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Chapter 2: Prejudice. Hate Crimes. Ethnocentrism – the tendency to assume that one’s culture and way of life are superior to all others.

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Chapter 2: Prejudice

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hate crimes
Hate Crimes
  • Ethnocentrism – the tendency to assume that one’s culture and way of life are superior to all others.
  • A Hate Crime can be defined as: “a criminal offense commited against a person, property, or society which is motivated, in whole or in part, by the offender’s bias against a race, religion, ethnic/national origin group, or sexual-orientation group” (Department of Justice, 2001c:58).
hate crimes3
Hate Crimes
  • Although most hate crimes are not reported, a 2003 study reported 8,800 hate crimes and bias-motivated incidents.
      • 48.8% motivated by race
      • 19.1% motivated by religion
      • 16.7% motivated by sexual orientation
      • 14.8% motivated by ethnicity
      • 0.6% motivated by disability
prejudice and discrimination
Prejudice and Discrimination
  • Prejudice is a negative attitude toward an entire category of people.
  • Prejudice involves ethnophaulisms, or ethnic or racial slurs, including derisive nicknames.
  • Discrimination is the denial of opportunities and equal rights to individuals and groups because of prejudice or for other arbitrary reasons.
prejudice and discrimination5
Prejudice and Discrimination
  • Merton’s Typology: four major categories of attitudes and behavior:
      • All-weather liberal: unprejudiced nondiscriminator
      • Reluctant liberal: unprejudiced discriminator
      • Timid bigot: prejudiced discriminator
      • All-weather bigot: prejudiced discriminator
  • LaPiere’s Study: found that while white business workers across the country (in 1930-1932) claimed they would discriminate against Chinese customers, no businesses actually discriminated.
theories of prejudice
Theories of Prejudice
  • Scapegoating Theory – a person or group blamed irrationally for another person’s or group’s problems or difficulties. (Jews, Hispanics, etc.)
  • Authoritarian Personality Theory – a psychological construct of a personality type likely to be prejudiced and to use others as scapegoats. Criticized for a number of reasons.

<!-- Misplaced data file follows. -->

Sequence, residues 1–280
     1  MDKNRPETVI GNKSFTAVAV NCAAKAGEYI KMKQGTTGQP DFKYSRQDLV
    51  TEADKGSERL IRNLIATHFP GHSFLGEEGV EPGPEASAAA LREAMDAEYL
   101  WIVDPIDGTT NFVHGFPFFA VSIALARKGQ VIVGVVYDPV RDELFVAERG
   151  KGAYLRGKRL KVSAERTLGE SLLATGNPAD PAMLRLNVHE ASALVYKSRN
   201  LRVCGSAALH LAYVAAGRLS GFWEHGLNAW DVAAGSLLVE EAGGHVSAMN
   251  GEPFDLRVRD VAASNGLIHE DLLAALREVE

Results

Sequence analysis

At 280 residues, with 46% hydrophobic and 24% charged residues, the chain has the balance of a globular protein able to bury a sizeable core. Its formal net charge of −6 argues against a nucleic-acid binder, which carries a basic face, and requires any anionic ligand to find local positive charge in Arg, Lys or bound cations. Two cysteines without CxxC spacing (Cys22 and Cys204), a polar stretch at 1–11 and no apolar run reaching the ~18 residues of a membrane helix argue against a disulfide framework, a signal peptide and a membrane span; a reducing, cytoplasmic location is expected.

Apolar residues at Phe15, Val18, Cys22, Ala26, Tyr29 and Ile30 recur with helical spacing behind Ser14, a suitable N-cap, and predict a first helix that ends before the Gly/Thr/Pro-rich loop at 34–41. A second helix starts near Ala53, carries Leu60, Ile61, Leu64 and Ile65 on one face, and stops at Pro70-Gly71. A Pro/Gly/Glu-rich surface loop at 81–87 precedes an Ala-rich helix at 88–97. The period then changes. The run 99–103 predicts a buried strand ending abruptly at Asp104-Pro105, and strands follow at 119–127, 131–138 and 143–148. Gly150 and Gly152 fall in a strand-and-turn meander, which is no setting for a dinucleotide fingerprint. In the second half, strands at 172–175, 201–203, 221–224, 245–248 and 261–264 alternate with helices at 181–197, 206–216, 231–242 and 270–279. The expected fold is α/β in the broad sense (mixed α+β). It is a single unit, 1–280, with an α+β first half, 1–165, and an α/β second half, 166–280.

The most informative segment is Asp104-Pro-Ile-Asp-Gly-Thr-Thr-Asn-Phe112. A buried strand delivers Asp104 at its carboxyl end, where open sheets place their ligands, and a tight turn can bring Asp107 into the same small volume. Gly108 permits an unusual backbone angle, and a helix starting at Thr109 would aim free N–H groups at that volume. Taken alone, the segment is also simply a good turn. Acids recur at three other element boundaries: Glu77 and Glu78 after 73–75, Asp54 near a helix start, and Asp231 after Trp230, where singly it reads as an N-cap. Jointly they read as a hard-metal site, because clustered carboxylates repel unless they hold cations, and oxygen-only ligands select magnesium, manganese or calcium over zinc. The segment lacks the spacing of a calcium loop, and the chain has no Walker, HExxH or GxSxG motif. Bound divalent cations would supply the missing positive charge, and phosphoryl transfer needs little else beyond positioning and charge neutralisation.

theories of prejudice continued
Theories of Prejudice (continued)
  • Exploitation Theory – Marxist theory that views racial subordination in the United States as a manifestation of the class system inherent in capitalism.
    • As minority groups begin to compete for positions of power and authority, the dominant group uses prejudice and discrimination to maintain power and control over subordinate group.
  • Normative Approach – the view that prejudice is influenced by societal norms and situations that encourage or discourage the tolerance of minorities.
the content of prejudice stereotypes
The Content of Prejudice:Stereotypes
  • What are stereotypes?
    • Stereotypes are unreliable, exaggerated generalizations about all members of a group that do not take individual differences into account.
  • Trends in stereotypes
    • Mass media has influenced our stereotypes:
      • Nearly all TV leadership roles are white.
      • TV: white = affluent, well-educated; minority = “breaking the law,” “being lazy,” or “acting goofy.”
  • Stereotyping in Action: Racial Profiling
    • Racial profiling is any arbitrary police-initiated action based on race, ethnicity, or natural origin rather than a person’s behavior.
the extent of prejudice
The Extent of Prejudice
  • The Social Distance Scale – the tendency to approach or withdraw from a racial group. Often called the Bogardus Scale, after the researcher who developed the scale. How close would you be willing to be to a member of another racial/ethnic group?
  • Trends in Prejudice – study findings are mixed: people are less likely than they used to be to be openly racist, but many still resist programs and policies that provide disadvantaged minorities with equal opportunity.
the mood of the oppressed
The Mood of the Oppressed
  • When asked the status of race relations between Whites, Blacks and Hispanics:
      • 65% of Whites reported “good” White-Black relations, and 61% “good” White-Hispanic relations.
      • 49% of Blacks thought that Black-White relations was “good,” and 61% thought that Black-Hispanic relations were “good.”
      • 55% of Hispanics thought that Hispanic-White relations was “good,” and 51% thought that Hispanic-Black relations was “good.”
intergroup hostility
Intergroup Hostility
  • A national survey revealed that, like Whites, many African Americans, Hispanic Americans, and Asian Americans held prejudiced and stereotypical views of other racial and ethnic minority groups.
reducing prejudice
Reducing Prejudice
  • Education and Mass Media – studies examining the relationship between media messages promoting racial harmony and level of prejudice found modest, short-term benefits, but many life-long habits and beliefs are difficult to change.
  • Equal-Status Contact – based on the Contact Hypothesis which suggests that intergroup contact between people of equal status in noncompetitive circumstances will reduce prejudice.
  • Corporate Response: Diversity Training
    • Workplace hostility can lead to reduced productivity and a “chilly climate.” Diversity training has had some success.
ways to fight hate
Ways to Fight Hate
  • Of the top ten ways to fight hate from pages 60-61, here are the top three:
  • Support the victims – these victims are especially vulnerable…let them know you care.
  • Unite – call people, organize.

1. Act – do something. Apathy is akin to acceptance.